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Anonymous

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LB: "So get the public's wildlife off private land and quit violating the landowners' private property rights."

I'm not violating the landowner's private property rights. I have to have releases signed, remember?

Gosh you like to paint your own picture of the world don't you?

If you want the public's wildlife off your land, you'll have to build the fence and run them out.

That would be quite an effort just to stop the remote possibility of a CO from ever coming on to your property which you admittedly have never seen before. Knock yourself out!



~SH~
 

SJ

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Just how high are those landowner violations?

Who is watching the CO who may be hunting illegaly?
 

Liberty Belle

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Regarding the Rapid City Journal's May 7, 2005, article titled: GF&P hunts for better landowner relations

SD's governor courts language deception, making it appear that landowners just don't understand. "If you eliminated open fields, the guy who has a large parcel of land is free to do what he wants to," sez he -- and that's exactly the point. Property owners SHOULD be free to do as they wish with their property, no matter what the size of their property. Who determines what defines a "large parcel of land," and why would the "large" landowners suffer the jaundiced view painted of them by Rounds & Co., which implies that "large" landowners might be doing something criminal and be trying to hide such activity? Using hunting as a ruse to access private property by Game, Fish & Parks -- or ANY such agent -- is trespass, pure and simple. A growing number of hunters are realizing that and respecting the SD Lockout -- in states across the nation. http://www.sdlockout.com explains further why almost four million acres are in the Lockout. Seeking to impinge upon "large" landowners by likening them to criminals is a huge mistake.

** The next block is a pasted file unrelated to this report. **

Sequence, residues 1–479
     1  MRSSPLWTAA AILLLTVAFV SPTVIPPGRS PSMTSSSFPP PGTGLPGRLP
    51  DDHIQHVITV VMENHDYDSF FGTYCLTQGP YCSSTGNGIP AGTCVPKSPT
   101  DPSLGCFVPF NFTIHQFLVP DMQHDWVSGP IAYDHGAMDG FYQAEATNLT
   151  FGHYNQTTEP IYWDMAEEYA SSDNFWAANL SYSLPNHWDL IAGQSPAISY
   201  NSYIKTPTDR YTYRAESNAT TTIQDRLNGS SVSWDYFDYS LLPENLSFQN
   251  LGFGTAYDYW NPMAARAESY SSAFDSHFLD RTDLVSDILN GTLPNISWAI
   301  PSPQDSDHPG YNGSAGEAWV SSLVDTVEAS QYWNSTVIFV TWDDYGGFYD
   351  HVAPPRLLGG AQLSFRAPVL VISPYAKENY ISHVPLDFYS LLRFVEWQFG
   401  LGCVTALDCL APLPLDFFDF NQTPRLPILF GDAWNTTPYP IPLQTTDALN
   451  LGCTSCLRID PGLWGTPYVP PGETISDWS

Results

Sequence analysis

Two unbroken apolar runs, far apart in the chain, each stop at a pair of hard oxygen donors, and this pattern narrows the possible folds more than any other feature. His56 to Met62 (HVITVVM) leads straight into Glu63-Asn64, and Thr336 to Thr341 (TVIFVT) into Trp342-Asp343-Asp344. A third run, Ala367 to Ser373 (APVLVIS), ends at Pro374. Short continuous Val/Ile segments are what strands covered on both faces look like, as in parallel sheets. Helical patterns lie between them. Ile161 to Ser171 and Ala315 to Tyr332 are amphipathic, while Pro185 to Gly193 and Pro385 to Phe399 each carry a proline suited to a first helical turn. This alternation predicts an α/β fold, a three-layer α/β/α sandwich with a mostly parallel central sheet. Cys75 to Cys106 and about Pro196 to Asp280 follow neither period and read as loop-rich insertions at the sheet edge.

Julie Kay Smithson